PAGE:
Comparison of Two Methods of Bowel Preparation for Colonoscopy in Hospitalized Patients

This study has been completed.
Sponsor:
Information provided by (Responsible Party):
Vikram Kotwal, John H. Stroger Hospital
ClinicalTrials.gov Identifier:
NCT01765491
First received: January 7, 2013
Last updated: January 8, 2013
Last verified: January 2013
  Purpose

Morning-only colonoscopy preparation may improve efficiency by allowing same-day patient preparation and colonoscopy. The aim of the investigators study is to compare the efficacy and tolerability of morning-only Polyethylene Glycol (PEG) to split-dose preparation in hospitalized patients undergoing colonoscopy.

This is a single-center, prospective, endoscopist-blinded study in which hospitalized patients scheduled to undergo diagnostic colonoscopy were randomly assigned to receive one gallon of PEG either the morning of colonoscopy or as a split-dose (evening-morning). The primary end point is efficacy of colonoscopy preparation measured by the Ottawa scale. The investigators pre-specified a non-inferiority margin of 1.5 for the difference in Ottawa scale between arms. Secondary end points are patient compliance and tolerance.


Condition Intervention
Bowel Preparation for Colonoscopy
Other: Split-dose polyethylene glycol
Other: Morning-only polyethylene glycol

Study Type: Interventional
Study Design: Allocation: Randomized
Endpoint Classification: Efficacy Study
Intervention Model: Parallel Assignment
Masking: Single Blind (Outcomes Assessor)
Primary Purpose: Diagnostic
Official Title: Comparison of Morning-only With Split-dose Polyethylene Glycol for Colonoscopy Preparation in Hospitalized Patients: A Randomized Controlled Non-Inferiority Study

Resource links provided by NLM:


Further study details as provided by John H. Stroger Hospital:

Primary Outcome Measures:
  • To compare the efficacy of colonoscopy preparation measured by the Ottawa scale [ Time Frame: Day of procedure ] [ Designated as safety issue: No ]
    Colonoscopy was performed by gastroenterology fellows under the supervision of attending physicians and both were blinded to the type of preparation taken by the study patients. Bowel cleansing was evaluated by the Ottawa scale. Scoring of each part of the colon (right, middle and left) was done separately and the total amount of fluid was noted. The scores were then added to calculate the total score out of 14.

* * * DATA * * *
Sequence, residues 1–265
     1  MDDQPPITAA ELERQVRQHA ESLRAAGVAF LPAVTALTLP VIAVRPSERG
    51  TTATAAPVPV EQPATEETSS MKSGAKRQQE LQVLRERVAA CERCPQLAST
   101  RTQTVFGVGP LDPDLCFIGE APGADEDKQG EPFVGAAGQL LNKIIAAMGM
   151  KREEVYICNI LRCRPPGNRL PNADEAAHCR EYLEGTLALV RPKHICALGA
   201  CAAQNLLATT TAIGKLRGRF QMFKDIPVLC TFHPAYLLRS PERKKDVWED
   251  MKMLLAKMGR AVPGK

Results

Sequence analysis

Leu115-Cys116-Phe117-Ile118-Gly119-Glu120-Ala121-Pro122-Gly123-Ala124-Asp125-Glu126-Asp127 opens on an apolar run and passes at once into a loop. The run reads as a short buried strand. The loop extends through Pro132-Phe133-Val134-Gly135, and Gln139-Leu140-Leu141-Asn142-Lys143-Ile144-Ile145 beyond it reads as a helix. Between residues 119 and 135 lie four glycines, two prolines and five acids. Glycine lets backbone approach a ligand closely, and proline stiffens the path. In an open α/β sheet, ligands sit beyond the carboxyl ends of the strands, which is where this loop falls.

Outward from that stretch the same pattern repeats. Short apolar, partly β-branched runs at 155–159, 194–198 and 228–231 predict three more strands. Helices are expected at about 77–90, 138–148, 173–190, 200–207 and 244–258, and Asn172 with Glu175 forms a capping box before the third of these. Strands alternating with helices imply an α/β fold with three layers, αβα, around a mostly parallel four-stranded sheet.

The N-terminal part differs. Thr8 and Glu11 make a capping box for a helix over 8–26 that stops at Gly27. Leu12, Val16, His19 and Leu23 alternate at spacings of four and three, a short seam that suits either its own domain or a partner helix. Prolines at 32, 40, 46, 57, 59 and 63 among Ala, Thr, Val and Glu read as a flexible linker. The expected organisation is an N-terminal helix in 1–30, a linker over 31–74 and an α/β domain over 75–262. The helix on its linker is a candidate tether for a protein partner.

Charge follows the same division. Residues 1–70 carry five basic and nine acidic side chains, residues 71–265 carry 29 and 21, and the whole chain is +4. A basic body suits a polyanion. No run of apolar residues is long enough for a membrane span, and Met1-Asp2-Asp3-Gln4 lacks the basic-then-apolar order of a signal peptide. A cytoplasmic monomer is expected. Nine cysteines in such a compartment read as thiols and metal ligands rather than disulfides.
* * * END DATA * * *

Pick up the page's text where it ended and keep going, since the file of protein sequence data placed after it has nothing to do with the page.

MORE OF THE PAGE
Secondary Outcome Measures:
  • Patient compliance [ Time Frame: Day of procedure ] [ Designated as safety issue: No ]
    Before the patients were taken to the endoscopy suite, they completed a questionnaire, asking the amount of preparation that was taken to evaluate compliance.

  • Patient tolerance [ Time Frame: Same day ] [ Designated as safety issue: No ]
    Before the patients were taken to the endoscopy suite, they completed a questionnaire to evaluate tolerance for taking the preparation. Patients were asked about side-effects like nausea, vomiting, abdominal pain and bloating.


Enrollment: 120
Study Start Date: August 2012
Study Completion Date: December 2012
Primary Completion Date: November 2012 (Final data collection date for primary outcome measure)
Arms Assigned Interventions
Experimental: Morning-only polyethylene glycol
One gallon of polyethylene glycol to be taken between 5am and 9am on the day of colonoscopy.
Other: Morning-only polyethylene glycol
One gallon of polyethylene glycol to be taken between 5am and 9am on the day of colonoscopy
Active Comparator: Split-dose polyethylene glycol
Half gallon of polyethylene glycol to be taken between 7-9 pm on the day before colonoscopy and the remaining half between 7-9 am on the day of colonoscopy.
Other: Split-dose polyethylene glycol
Half gallon of polyethylene glycol to be taken between 7-9 pm on the day before colonoscopy and the remaining half between 7-9 am on the day of colonoscopy

  Eligibility

Ages Eligible for Study:   18 Years to 80 Years
Genders Eligible for Study:   Both
Accepts Healthy Volunteers:   No
Criteria

Inclusion Criteria:

  • Adult patients scheduled to undergo diagnostic colonoscopy during hospitalization

Exclusion Criteria:

  • Critically ill/Intensive Care Unit patients
  • Suspected bowel obstruction/perforation
  • History of colon resection
  • Patients with altered mental status/inability to provide informed consent
  • Incarcerated patients
  • Pregnant females
  Contacts and Locations
Choosing to participate in a study is an important personal decision. Talk with your doctor and family members or friends about deciding to join a study. To learn more about this study, you or your doctor may contact the study research staff using the Contacts provided below. For general information, see Learn About Clinical Studies.

Please refer to this study by its ClinicalTrials.gov identifier: NCT01765491

Locations
United States, Illinois
John H Stroger Jr Hospital of Cook County
Chicago, Illinois, United States, 60612
Sponsors and Collaborators
John H. Stroger Hospital
Investigators
Study Director: Bashar Attar, MD, PhD Cook County Health and Hospitals System
  More Information

No publications provided

Responsible Party: Vikram Kotwal, MD, John H. Stroger Hospital
ClinicalTrials.gov Identifier: NCT01765491     History of Changes
Other Study ID Numbers: 11-206
Study First Received: January 7, 2013
Last Updated: January 8, 2013
Health Authority: United States: Institutional Review Board

Keywords provided by John H. Stroger Hospital:
colonoscopy
bowel preparation
polyethylene glycol

ClinicalTrials.gov processed this record on August 28, 2014